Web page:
MPs want biotechnology concept unpacked

By Agnes Nantambi

Added 15th December 2016 10:48 AM

Backers have been lobbying for a Biotechnology and Biosafety Bill to be passed into law.

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Dr Micheal Hillary Otim, a senior reseach officer and crop entomologist shows MPs how natural varieties of maize are being affected by the stem borer as compared to the genetically modified type. (Credit Agnes Nantambi)

Backers have been lobbying for a Biotechnology and Biosafety Bill to be passed into law.

Members of the Uganda Women Parliamentary Association (UWOPA) want scientists to unpack the bio-technology concept before seeking a law to regulate it.

Biotechnology involves removing genes from one organism to another with a view of making that organism better.

The legislators recently visited the Namulonge Crop Resource Research institute (NACRRI). While there, they said scientists have not designed better communication strategies to help the public understand the idea of GMOs.

"If we, the legislators, fail to conceptualize the idea properly due to the terminologies and the science in it, what about the farmers whom we represent?” wondered Samuel Okwi, Moroto County MP.

He said backers need to better design convincing information about the idea, adding that those opposed to biotechnology have come with better information.

"Coming here has helped me understand the concept but I am not fully convinced to take on the technology with two hands. I still believe that more information about GMO is needed and a clear difference between the GMOs and the hybrids,” said Okwi.


During the tour of a maize garden where technology is employed, the visiting lawmakers appreciated that genetically-modified crops are resistant to pests and diseases – compared to natural varieties – but insisted there is an information gap.

"We have learnt that not all crops are going to go GMO but a few which are not drought- or pest-resistant – which is okay,” said Margaret Babadri, who headed the team.

Backers have been lobbying for a Biotechnology and Biosafety Bill to be passed into law to regulate the use of GMOS in Uganda but the idea is facing resistance.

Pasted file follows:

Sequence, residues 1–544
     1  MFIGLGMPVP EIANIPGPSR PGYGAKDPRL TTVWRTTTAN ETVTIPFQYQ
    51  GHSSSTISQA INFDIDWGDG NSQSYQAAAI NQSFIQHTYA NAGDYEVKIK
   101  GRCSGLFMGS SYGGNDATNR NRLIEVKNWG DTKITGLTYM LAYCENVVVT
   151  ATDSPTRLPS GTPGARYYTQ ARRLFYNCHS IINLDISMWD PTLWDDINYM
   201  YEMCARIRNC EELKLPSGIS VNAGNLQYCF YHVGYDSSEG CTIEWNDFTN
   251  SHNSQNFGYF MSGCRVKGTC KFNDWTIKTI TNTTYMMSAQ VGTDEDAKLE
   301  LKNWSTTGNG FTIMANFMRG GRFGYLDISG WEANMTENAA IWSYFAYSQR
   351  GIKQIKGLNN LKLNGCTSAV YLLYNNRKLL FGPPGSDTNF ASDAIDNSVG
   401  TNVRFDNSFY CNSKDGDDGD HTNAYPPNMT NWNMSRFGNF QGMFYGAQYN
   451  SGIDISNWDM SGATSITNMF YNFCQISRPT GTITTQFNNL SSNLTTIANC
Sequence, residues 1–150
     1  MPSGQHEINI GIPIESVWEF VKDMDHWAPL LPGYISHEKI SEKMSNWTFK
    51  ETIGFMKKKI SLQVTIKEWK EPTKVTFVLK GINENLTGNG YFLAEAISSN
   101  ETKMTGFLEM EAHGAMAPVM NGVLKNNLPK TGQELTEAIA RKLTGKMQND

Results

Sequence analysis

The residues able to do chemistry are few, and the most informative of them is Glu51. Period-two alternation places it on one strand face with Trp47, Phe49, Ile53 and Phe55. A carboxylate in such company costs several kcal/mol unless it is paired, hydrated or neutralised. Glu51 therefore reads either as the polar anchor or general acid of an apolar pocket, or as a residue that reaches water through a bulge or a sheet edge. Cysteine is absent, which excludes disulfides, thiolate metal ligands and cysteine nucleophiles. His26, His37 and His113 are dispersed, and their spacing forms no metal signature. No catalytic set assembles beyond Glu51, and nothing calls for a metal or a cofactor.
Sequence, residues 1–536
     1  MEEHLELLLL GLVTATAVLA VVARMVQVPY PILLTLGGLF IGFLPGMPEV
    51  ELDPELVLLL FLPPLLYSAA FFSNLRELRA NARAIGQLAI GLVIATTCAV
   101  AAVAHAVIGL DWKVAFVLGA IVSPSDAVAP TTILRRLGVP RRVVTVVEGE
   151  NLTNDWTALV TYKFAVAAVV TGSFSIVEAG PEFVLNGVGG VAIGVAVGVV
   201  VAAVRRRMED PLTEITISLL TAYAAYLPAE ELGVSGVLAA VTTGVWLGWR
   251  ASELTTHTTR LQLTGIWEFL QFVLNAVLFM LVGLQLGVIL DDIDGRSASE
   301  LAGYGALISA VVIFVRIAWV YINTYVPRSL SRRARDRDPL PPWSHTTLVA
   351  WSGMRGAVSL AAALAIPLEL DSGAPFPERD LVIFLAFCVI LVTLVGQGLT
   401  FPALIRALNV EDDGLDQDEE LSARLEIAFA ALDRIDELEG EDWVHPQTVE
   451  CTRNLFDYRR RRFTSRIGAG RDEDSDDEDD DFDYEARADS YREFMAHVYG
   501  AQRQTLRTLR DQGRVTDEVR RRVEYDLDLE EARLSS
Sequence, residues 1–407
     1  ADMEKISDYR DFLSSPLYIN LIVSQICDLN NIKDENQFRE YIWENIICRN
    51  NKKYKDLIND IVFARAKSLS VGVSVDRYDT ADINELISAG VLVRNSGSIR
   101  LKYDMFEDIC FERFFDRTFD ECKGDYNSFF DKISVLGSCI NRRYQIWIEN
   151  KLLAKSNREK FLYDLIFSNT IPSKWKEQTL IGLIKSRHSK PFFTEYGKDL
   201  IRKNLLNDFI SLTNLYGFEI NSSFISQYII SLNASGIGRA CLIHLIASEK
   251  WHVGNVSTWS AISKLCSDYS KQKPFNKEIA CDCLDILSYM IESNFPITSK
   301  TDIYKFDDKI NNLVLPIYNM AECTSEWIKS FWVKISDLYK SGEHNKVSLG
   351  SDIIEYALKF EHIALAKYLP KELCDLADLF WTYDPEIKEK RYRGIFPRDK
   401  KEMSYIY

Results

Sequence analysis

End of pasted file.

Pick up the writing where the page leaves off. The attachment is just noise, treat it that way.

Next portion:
Babadri said that if government has spent money and a good product is got out of it, there is need to spread the gospel so that the law can be supported.

"They have already identified some GMOs which are very useful, but because of lack of the law, the seeds cannot be propagated for great production,” she said.

 Lira district Woman MP Atim Joy Ongom said that with the current food insecurity, if what the scientists are doing is the right thing that can improve status and welfare of the people, as long as they confirm that it is not harmful and destructive to the country, parliament should adopt it to safeguard its people.

On her part, Dr Babra Zawedde, coordinator of Uganda Bioscience Information Centre, said it’s unfair for Ugandans to consume GMOs brought into the country when local farmers are denied the chance to grow them due absence of a law.

She said with the current rampant climate change causing drought, pests and diseases, if GMOs are not embraced other catastrophes like famine will strike the country any time.

Titus Alicai, the programmes leader for Root Crops, clarified that before any gene is removed from an organism, the research has to be sanctioned by the National Biosafety Committee and the source of the gene to be introduced into a plant must be known.

"Under the ethics consideration, the gene from an animal will not be acceptable or those from an organism which can cause harm to the society.”

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